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Water, Water Everywhere. (And a Bonus Healthy Meal)

Exercise and Nutrition
Author name: Ashley Lovetere, Lee Health Registered Dietitian


Life in Florida sometimes makes us feel as if we are in a perpetual summer. And as the days get hotter, we all face the risk of dehydration. Our bodies are made up of about 60 percent of water, which is essential for us to function properly.

Here’s a further breakdown of water in our bodies that may surprise you:

  • The brain and heart: 73 percent
  • The lungs: 83 percent
  • The skin: 64 percent
  • Muscles and kidneys: 79 percent

Even your bones contain 31 percent water. So as we move into some of our hottest months, it’s important to stay hydrated. Our physical activity, temperature and health conditions tell us how much water we need throughout the day.

The Ways Water Works in Our Body

Every day you lose water through your breath, perspiration, urine and bowel movements.

To keep your body functioning at its best, you must consume beverages and foods that contain water.

Water helps our bodies perform all kinds of essential functions:

  • Our cells use water as a building material.
  • Water helps metabolize and transport carbohydrates and protein throughout the body.
  • Our body temperature is regulated by sweating and respiration.
  • It helps get rid of waste.
  • It lubricates and cushions our joints.
  • It acts as a shock absorber for the brain and spinal cord.
  • Forms saliva, which is the first step in digestion.
  • Manufacture hormones and neurotransmitters.

How Much Water Should You Drink Every Day?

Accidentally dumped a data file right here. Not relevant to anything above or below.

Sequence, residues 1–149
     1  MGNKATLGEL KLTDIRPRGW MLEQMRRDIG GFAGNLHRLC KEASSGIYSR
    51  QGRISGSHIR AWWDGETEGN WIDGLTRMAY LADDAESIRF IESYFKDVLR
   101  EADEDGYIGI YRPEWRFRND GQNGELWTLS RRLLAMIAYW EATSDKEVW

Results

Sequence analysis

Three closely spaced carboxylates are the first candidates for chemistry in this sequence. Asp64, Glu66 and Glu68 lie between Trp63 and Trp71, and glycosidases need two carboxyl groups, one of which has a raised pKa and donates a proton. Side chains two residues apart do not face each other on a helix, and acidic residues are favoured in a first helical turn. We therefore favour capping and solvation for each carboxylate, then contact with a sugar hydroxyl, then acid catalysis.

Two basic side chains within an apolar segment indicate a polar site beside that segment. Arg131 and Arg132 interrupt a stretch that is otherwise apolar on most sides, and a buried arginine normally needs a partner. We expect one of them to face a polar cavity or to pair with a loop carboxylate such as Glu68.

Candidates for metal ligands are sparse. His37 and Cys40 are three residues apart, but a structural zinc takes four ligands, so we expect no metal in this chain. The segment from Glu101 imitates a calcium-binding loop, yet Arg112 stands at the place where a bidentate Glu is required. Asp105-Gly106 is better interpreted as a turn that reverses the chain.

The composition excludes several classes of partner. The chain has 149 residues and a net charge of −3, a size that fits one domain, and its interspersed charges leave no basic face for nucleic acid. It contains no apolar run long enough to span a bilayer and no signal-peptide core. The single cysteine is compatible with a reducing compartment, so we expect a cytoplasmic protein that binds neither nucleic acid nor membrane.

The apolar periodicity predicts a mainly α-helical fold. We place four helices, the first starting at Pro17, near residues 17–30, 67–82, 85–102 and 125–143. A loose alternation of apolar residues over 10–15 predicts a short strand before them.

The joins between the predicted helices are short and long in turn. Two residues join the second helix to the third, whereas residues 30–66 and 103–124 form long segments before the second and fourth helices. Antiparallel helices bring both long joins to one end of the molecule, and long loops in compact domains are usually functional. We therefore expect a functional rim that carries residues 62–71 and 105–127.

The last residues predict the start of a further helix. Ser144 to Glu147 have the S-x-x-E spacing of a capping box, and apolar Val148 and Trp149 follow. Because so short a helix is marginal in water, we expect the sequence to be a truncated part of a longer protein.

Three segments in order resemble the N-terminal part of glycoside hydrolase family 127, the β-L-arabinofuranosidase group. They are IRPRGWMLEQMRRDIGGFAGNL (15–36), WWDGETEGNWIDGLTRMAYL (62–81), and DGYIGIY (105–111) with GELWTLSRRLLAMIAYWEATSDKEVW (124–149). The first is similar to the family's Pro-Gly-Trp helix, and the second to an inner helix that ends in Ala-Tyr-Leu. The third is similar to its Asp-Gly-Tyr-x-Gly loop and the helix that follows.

The amount of water we need to consume daily varies from person to person. Consult your doctor to see if you need to limit or increase your water intake.

As a general rule, if you’re in good health and have no acute or chronic illness, you should aim to consume 104 fluid ounces a day if you’re a man and 80 fluid ounces if you’re a woman, according to the Institute of Medicine.

These recommendations cover fluids from water, other beverages and food. About 20 percent of your daily fluid intake usually comes from food and the rest from drink.

Sports Drinks

You often see athletes use sports drinks before/during or after physical activity. Sports drinks increase the availability of carbohydrates for performance. The added sodium reduces urine losses before the physical activity, too.

After you exercise, it’s important to replace fluids and electrolytes. A sports drink will help replace the water, sugar and salt lost through physical activity.


Did you know that some of the food you eat contains water? Broccoli is made up of 89 percent water. You can count some of the foods you eat during the day toward your daily hydration.

Don’t wait until you feel thirsty! Go ahead and drink water throughout the day to avoid dehydration.

Get in the habit of drinking water. Set a goal and aim for the minimum recommended of water a day per your doctor’s prescription, especially during outdoor activities.

Drink fluids:

  • As soon as you wake up
  • At each meal
  • In between meals
  • Carry a water bottle everywhere you go

Choose hydrating snacks

Watermelon, cucumber, grapes, oranges, applesauce, yogurt, tomatoes contain a high percentage of water.

Hate the taste of water?

Try adding fruits and herbs to your water. Slice up some fruits and try these fun combos to add some flavors to your water this summer. For more flavor, soak the fruits in the water overnight.

  • Strawberry or raspberry and lemon
  • Pineapple and mango
  • Lemon, cucumber and mint
  • Watermelon and mint

Blueberry Watermelon Feta Mint Salad

Serves: 6


3 tbsp. olive oil

1 tbsp. balsamic vinegar

1/4 teaspoon ground black pepper

1/4 cup finely diced red onion

4 cups diced watermelon

1.5 cups fresh blueberries

1/4 cup rough chopped fresh mint leaves

1/4 cup crumbled feta cheese

1.5 cups arugula


  1. In a large bowl, whisk together olive oil, balsamic vinegar, pepper and diced red onion

  2. Add the diced watermelon, blueberries, mint, and feta cheese.

  3. Add arugula to bowl upon serving.


Sports Dietitians Australia

Institute of Medicine

  • Older people after exercise

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